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Shanta Gold is a low cost gold producer with significant resource upside, within and surrounding its New Luika Gold Mine, with additional development opportunities in Tanzania

New Luika Gold Mine

Key facts

Songwe Administrative District, Songwe Region in the Lupa Goldfield of south west Tanzania, the second largest gold producing region in Tanzania in the 1900s.
One prospecting licence covering 49 km² and three mining licences covering
16 km2.
100% owned by Shanta Mining Company Limited (SMCL).
Conventional three stage crushing, two mills in parallel and a carbon in leach operation.

2016 ended with record gold production of 87,713 oz for the year
Project status
The low-cost New Luika Gold Mine achieved its first full year of commercial production in 2013. The mine delivered production off 87,713 oz in 2016.

The ore bodies at New Luika comprise high grade (>6g/t Au), medium grade (3 – 6 g/t Au) and low grade (1 – 3 g/t Au) to average 3.9g/t Au. The processing is metallurgically simple and conventional involving crushing and milling techniques with carbon-in-leach gold extraction delivering robust gold recoveries (average 90% recovery). The high quality of the resources combined with tight operational control, make New Luika one of the lowest cost gold mines in its peer group and on the global cost curve.

The New Luika Gold Mine has a central processing facility capable of processing 50,000 tonnes of ore per month. The plant is fed with open pit and underground ores from one or more of eight satellite orebodies within the mining licence area. The plant has built-in redundancy of 50% in the crushing and elution electro winning circuits that, with appropriate additional milling and leach capacity, could enable throughput to expand to 75,000 tonnes per month with limited capital.

In September 2015, Shanta announced its Base Case Mine Plan, providing an updated reserves statement for New Luika with a definitive plan to produce 462,000 ounces from January 2016 – 2022.

This was then subsequently updated in March 2017, with the release of the Revised Mine Plan. Increasing the forecast gold production by 39% from 2017-2023, from 359,000 ounces to 500,000 ounces. The Revised Mine Plan highlighted the true prospectivity and potential future long life of the New Luika Gold Mine.

In May 2017, the first underground ore was produced from the first stope in the Bauhinia Creek deposit. Throughout 2017 New Luika will transition from an exclusively surface mining operation to one that is predominantly underground.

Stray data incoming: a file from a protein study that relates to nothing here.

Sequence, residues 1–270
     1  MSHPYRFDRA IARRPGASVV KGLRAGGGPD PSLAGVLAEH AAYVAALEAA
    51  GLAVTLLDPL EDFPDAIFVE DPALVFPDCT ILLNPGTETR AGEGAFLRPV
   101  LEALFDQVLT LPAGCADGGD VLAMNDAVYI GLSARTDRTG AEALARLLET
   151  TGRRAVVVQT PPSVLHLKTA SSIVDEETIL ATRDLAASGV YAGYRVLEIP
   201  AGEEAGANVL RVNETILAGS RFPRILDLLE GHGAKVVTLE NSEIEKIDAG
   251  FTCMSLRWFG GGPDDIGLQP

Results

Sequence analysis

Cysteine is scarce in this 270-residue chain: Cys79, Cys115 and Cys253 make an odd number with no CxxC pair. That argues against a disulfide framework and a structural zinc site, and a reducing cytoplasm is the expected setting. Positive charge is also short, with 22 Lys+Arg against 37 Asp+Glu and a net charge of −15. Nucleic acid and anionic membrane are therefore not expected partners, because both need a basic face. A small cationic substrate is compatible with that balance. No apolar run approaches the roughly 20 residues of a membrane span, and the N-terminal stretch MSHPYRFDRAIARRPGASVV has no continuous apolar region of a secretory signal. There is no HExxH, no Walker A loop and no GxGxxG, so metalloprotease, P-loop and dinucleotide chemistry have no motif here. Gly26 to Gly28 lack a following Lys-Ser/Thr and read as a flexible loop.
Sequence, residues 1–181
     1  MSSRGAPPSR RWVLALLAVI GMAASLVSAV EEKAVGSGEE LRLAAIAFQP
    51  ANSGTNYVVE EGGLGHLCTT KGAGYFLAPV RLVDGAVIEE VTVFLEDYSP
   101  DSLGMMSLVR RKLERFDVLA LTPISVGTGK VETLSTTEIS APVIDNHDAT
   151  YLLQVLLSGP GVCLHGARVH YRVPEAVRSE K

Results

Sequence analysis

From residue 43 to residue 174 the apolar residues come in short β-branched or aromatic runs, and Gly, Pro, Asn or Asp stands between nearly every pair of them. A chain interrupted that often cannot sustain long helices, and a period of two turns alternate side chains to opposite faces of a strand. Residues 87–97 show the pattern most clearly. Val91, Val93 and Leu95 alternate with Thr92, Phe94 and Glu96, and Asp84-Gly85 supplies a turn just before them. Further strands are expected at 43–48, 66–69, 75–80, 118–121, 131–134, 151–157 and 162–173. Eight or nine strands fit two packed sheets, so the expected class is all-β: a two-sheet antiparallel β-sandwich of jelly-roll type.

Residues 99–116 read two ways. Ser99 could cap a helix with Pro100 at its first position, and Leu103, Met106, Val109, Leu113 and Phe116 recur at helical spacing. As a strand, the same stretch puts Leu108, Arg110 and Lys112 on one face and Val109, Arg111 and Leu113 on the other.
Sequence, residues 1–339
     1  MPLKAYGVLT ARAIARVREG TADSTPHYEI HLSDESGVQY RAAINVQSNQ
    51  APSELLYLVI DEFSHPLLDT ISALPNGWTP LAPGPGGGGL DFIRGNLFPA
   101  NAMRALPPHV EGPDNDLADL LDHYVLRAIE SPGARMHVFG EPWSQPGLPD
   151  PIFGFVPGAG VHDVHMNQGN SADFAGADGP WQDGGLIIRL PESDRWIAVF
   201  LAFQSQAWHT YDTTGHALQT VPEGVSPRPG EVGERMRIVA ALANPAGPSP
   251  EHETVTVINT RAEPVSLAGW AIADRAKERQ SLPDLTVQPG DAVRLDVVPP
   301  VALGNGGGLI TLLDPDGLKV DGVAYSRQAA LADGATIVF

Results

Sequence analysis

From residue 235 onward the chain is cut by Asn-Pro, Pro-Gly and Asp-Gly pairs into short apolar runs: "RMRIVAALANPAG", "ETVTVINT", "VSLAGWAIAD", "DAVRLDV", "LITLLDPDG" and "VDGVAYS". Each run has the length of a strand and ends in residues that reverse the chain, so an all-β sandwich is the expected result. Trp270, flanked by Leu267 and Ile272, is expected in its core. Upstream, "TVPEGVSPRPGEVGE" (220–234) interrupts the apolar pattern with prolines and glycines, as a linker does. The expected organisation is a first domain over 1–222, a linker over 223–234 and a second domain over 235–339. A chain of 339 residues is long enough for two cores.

New Luika Reserves & Resources (31 December 2016)

Gold Oz (000s)
Deposit Reserve grade (g/t) Reserve Resources
Bauhinia Greek 6.2 253 167
Luika 4.9 73 158
Elizabeth Hill 1.3 32 83
Jamhuri 2.0 7 75
Illunga (UG + OP) 5.2 135 92
Shamba 2.2 16 8
Black Tree Hill na na 8
Black Tree North na na 59
Luika South na na 32
Nkuluwisi* na na 141
Total NLGM 4.4 515 824

Regional geology

The regional geology is characterised by deformed, folded, sheared and metamorphosed paleoproterozoic rocks with major fold axes trending east southeast to west northwest. The following main lithological units occur in the region:

  • Ilunga Granite Formation
    The Ilunga Granite is located in the northern portion of the Lupa Goldfield and is mostly comprised of a medium to coarse grained leucogranite (aplogranite). Biotite and muscovite are commonly associated secondary minerals.
  • Saza Granite Formation
    The Saza Granite is located in the central portion of the Lupa Goldfield and consists of numerous rock types including hornblende rich granites and hornblende-biotite rich granodiorites.
  • Gneiss Formation
    The Gneiss Formation, the main ore bearing host, is the dominant rock unit within the Lupa Goldfield. The Gneiss Formation has been subjected to at least three granitic intrusive events that have given rise to a variety of rock types such as felsitic gneiss, biotite and hornblende granite gneiss, leucocratic granular gneiss. Diorite, granodiorite and granite rocks are evident within the Gneiss Formation.

Mineralised quartz veined targets are hosted within brittle-ductile to ductile deformational features of variable orientation.